/ He brought to light, drawn by his studious powers,
/ Expounding and comparing what were feats
/ Which else might have remained unknown till history’s latest hours.
- Though through all parts of nature, as a whole,
/ He could each labyrinth and nook survey,
/ As to him, darkness lighten’d were to day;
Canto Third in The New Zealand Survey
- a rending, and
/ Upheaving impetus no more to lie
/ In deeps invisible,—where waters dense
/ The sunlight cannot penetrate to cheer
/ The fathomless profound;—these, in their turn,
/ To share in beauty’s pleasures, and receive
/ The genial influence of light and heat
/ Must from their shades be brought!
- It must be clothed with all such requisites
/ That can be called attractive, and conduce
/ To welfare, in a future time ordained,—
/ (So far as elemental weal’s concerned
/ Consistent with the curse which hangs o’er earth,
/ With much of mercy, undeserved attached!)—
/ In genial clime, as capable to yield
/ Much paradisian cheer, when well prepared!
/ Since man, where’er he dwells, must earn by toil
/ His living—thus himself declaring far
/ Above the brute capacity of life,
/ And owning a dependence on the care
/ Of bounteous Providence—he must exert
/ Th’ endowments of his reason, and his skill,
/ As talents in his care to be improved;
/ Thus earning happiness, such as the earth
/ Has in its power to yield; though he must rove
/ To seek his welfare, or another home,
/ As prompted by his emigrating will;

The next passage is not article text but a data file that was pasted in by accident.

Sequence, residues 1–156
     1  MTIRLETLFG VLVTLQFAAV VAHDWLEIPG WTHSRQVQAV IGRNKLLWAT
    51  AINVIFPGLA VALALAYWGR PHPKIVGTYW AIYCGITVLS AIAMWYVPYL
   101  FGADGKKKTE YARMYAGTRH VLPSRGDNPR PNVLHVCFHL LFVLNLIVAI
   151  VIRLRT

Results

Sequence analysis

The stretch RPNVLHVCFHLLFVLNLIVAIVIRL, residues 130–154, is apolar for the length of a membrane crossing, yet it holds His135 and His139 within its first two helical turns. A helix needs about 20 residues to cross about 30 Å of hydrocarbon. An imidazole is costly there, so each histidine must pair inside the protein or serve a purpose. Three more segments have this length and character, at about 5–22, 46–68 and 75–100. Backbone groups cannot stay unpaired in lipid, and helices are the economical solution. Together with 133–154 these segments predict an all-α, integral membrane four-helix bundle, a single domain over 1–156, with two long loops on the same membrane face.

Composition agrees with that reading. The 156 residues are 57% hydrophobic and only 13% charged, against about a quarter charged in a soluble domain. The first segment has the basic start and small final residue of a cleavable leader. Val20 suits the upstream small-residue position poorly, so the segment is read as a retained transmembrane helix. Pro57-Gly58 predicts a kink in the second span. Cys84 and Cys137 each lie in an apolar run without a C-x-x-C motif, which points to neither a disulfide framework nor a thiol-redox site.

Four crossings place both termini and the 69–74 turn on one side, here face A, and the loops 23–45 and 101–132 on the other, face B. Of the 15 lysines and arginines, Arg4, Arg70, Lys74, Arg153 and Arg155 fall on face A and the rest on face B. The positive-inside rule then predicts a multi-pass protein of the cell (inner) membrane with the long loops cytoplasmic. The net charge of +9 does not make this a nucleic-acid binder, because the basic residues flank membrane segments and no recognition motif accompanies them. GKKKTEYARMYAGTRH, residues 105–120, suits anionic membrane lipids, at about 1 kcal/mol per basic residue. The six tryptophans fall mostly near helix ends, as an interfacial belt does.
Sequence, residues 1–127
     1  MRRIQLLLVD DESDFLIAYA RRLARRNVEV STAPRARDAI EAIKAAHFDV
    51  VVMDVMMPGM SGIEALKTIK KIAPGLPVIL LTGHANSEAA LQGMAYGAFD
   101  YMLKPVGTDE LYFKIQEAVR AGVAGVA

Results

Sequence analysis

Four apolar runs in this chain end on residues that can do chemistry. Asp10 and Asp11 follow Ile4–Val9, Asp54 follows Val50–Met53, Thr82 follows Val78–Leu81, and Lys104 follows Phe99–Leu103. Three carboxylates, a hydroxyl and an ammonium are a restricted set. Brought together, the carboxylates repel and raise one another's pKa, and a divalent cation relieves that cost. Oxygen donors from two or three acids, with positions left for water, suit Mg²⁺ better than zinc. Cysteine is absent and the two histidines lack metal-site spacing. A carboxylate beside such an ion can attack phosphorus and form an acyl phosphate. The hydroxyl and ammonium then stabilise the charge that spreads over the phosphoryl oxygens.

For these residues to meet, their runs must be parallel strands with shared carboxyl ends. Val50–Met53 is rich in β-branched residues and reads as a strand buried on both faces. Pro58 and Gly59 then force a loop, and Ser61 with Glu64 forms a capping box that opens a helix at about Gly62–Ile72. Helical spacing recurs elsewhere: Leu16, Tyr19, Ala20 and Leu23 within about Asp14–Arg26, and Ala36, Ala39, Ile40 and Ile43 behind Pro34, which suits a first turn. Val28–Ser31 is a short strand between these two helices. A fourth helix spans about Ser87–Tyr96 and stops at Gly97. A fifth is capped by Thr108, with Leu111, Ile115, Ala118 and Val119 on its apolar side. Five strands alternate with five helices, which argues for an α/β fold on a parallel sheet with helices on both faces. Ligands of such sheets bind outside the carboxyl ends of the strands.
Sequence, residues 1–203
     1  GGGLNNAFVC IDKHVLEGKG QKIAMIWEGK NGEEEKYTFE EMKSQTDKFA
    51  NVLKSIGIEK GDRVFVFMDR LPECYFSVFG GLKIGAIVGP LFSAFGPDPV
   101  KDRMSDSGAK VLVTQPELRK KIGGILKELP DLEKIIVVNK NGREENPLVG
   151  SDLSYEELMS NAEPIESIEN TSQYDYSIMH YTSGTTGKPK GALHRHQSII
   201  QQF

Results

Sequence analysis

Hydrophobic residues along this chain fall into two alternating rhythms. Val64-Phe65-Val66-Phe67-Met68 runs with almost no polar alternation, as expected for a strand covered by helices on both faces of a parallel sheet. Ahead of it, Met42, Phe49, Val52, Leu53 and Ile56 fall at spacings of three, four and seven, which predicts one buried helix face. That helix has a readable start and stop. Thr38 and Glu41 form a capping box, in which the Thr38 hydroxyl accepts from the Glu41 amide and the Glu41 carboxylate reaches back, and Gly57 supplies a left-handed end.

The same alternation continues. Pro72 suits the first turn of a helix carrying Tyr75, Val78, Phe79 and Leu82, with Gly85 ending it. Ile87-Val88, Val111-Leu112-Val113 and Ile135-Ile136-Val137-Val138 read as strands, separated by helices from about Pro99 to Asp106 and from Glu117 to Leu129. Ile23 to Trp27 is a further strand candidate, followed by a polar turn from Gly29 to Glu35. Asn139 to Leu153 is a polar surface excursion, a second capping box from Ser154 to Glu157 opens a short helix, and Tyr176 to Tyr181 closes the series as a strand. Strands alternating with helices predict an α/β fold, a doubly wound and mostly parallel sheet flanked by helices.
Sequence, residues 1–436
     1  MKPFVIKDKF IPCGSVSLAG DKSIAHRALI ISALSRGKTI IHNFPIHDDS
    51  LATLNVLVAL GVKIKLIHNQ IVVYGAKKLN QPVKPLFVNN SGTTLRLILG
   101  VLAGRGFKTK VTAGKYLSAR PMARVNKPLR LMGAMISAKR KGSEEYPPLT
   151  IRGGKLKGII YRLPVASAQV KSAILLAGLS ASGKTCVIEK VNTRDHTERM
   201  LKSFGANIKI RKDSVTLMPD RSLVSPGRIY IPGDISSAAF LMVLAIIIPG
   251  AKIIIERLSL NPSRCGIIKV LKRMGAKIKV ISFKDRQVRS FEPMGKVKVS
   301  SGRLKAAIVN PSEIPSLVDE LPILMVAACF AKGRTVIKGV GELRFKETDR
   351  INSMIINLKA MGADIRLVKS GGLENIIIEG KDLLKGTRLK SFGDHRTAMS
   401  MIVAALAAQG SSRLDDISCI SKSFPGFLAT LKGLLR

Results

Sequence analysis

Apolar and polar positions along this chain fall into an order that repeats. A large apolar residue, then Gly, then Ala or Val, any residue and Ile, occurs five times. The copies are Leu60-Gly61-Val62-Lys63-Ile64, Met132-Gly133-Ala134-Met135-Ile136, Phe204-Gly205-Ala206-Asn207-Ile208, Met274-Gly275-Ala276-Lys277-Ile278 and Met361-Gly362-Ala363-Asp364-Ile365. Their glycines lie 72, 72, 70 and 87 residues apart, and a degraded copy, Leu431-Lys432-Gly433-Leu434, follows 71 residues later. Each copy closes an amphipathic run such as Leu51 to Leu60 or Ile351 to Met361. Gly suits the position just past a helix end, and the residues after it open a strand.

/ Or love of acquisition in a part
/ Of Nature’s earth, that he can call his own!
- As mighty revolutions have occurred,
/ In ages long anterior to man,
/ And are transpiring even in his day,
/ So who can mark that finger which directs
/ In their occurrence, guiding to their end?
/ Or hear the fiat which commands them forth?
/ Him, whom all nature owns as sovereign Lord,
/ Whose word brought forth creation from the abyss
/ Of nothingness, reared high the ancient hills
/ Ere man was called to being; Him whose power
/ As efficacious now, as then, remains;
/ Yes, Him all nature readily obeys,
/ His plans beneficient will execute
/ For future good, by quick or slow degrees
/ As the appointments given!
- The coral worm,
/ A feeble thing for man to look upon,
/ Is yet a means, and one that will not err,
/ Or turn rebellious from the task imposed
/ As being one impossible to do!
/ By such an agency minute, He works
/ In rearing rock like structures from the depths
- so thus combined
/ The builders in their energies, which tend
/ All to one given point, according to
/ The method of their work, as by behest;
/ The plan’s incorporated in their lives
/ As instinct, with no other knowledge theirs,
/ To make them run erratic from their toils